Shortfin mako sharks can swim at an amazing, 50 miles per hour. That is fast!!! But how do they do it? Scientists think they have discovered the answer.
The sharks have special scales across their skin that they raise up when they need to swim at a fast speed. This creates tiny wells on their body and actually helps them to move faster by reducing drag. It seems strange that by raising these minute scales that they could reduce drag (wouldn’t it create drag and make them slow down like millions of tiny parachutes?). But their scales work along the same principles as a golf ball does with it many dimples.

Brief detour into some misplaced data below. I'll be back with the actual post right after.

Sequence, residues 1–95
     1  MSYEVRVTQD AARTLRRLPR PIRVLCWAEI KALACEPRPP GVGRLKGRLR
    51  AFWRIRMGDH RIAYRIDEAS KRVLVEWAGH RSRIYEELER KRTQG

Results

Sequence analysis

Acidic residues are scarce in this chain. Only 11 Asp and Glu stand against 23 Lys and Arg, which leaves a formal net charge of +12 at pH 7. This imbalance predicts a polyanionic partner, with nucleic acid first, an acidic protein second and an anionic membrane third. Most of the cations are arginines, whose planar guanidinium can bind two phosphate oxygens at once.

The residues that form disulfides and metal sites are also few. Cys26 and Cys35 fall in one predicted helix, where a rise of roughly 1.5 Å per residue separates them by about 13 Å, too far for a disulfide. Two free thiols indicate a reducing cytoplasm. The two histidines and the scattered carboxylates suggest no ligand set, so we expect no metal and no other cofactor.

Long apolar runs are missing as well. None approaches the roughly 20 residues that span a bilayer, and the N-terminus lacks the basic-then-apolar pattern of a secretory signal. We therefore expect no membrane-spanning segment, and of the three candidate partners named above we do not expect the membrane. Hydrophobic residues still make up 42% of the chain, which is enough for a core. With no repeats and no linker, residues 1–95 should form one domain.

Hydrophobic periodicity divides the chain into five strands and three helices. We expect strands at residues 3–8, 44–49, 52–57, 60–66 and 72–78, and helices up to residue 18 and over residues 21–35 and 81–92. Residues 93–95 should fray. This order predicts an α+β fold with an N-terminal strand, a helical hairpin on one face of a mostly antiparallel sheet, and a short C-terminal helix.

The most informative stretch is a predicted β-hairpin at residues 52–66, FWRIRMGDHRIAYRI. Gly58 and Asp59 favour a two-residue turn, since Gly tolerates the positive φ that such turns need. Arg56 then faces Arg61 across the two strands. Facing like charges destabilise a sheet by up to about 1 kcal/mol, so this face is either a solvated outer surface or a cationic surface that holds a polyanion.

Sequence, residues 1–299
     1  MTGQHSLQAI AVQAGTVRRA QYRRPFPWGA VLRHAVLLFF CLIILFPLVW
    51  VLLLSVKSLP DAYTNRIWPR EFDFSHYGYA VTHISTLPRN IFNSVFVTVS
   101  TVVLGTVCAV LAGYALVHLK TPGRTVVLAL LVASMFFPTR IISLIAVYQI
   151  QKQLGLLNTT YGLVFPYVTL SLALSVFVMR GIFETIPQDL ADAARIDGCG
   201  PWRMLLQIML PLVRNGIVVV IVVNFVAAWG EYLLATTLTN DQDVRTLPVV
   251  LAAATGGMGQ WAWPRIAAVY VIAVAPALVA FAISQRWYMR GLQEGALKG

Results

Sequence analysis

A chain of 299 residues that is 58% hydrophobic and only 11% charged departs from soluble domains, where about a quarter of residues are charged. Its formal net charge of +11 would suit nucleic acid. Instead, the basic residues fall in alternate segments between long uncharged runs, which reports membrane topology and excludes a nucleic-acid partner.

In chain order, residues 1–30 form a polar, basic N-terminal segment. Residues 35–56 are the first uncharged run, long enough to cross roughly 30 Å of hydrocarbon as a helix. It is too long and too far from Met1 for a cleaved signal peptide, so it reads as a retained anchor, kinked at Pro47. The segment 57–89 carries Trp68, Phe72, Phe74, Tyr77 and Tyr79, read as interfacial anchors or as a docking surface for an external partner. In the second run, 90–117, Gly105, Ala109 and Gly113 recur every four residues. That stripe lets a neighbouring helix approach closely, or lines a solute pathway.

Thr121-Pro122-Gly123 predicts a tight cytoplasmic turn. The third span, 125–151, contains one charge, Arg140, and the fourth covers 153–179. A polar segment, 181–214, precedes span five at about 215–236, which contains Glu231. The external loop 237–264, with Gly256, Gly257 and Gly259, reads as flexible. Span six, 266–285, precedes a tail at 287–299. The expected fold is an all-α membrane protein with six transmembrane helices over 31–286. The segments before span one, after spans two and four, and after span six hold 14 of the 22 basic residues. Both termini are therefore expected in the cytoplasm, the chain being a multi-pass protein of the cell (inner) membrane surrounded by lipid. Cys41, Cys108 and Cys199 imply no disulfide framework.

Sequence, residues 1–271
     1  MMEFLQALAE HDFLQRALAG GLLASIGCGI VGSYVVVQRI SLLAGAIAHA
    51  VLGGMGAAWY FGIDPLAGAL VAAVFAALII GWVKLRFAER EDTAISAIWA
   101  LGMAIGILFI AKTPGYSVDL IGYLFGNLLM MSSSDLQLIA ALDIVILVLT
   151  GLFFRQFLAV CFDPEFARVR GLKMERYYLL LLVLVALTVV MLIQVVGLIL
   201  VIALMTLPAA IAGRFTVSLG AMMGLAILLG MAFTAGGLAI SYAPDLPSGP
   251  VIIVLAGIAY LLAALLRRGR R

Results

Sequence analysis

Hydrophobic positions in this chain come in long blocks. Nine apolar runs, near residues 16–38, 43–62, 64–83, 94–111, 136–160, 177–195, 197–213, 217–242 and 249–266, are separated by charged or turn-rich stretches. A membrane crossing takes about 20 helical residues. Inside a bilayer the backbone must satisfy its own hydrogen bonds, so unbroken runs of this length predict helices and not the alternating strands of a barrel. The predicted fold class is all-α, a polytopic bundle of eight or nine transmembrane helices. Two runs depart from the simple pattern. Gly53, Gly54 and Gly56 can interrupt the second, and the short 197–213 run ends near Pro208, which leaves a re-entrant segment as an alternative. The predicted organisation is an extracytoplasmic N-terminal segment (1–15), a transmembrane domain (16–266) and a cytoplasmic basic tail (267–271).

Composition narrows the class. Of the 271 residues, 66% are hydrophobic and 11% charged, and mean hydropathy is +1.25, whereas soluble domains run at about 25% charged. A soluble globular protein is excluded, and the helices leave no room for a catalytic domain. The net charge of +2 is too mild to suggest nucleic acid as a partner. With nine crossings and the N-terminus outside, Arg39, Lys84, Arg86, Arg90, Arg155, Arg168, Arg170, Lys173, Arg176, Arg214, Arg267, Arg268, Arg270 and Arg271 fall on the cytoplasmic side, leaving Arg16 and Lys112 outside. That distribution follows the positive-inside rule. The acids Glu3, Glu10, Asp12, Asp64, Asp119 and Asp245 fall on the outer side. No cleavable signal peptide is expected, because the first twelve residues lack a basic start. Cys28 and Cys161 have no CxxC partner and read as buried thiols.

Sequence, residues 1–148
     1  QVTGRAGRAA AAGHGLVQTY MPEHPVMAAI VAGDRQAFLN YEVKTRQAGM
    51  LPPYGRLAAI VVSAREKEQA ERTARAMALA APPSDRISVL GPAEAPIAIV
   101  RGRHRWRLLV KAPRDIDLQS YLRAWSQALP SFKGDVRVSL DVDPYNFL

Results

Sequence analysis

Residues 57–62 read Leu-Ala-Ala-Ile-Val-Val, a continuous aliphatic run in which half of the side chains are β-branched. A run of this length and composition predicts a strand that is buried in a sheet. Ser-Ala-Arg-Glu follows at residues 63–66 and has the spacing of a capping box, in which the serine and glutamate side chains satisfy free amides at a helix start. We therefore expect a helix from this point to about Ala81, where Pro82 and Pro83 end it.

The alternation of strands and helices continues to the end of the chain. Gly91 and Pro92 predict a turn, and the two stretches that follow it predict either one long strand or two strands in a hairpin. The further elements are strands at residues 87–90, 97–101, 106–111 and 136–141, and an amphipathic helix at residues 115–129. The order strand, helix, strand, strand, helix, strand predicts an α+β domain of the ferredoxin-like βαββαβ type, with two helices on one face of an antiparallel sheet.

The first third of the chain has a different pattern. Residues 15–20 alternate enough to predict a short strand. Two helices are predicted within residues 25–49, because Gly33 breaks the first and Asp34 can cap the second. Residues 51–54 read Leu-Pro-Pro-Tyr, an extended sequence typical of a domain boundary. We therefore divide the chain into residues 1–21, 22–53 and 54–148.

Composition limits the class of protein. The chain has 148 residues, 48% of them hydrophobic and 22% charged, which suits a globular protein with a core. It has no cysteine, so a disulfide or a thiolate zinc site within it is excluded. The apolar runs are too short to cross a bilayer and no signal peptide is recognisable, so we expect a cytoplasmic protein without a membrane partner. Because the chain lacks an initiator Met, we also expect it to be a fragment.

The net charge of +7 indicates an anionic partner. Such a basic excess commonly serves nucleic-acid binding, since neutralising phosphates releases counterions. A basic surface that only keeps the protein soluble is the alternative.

The idea is that the dimples on the golf ball and the scales on a shark create tiny whirlpools within the cavities. These whirlpools create a “buffer layer” between the surface of the shark and the fast moving water around it. Basically it is like moving a heavy box over marbles rather than dragging it across the floor.
The whirlpools also prevent a turbulent wake from forming behind the shark. A wake behind an object (for sharks as well as boats) has the effect of slowing it down and making harder to turn.
Scientists hope to use this discovery to design faster and more manuverable underwater vehicles and aircraft.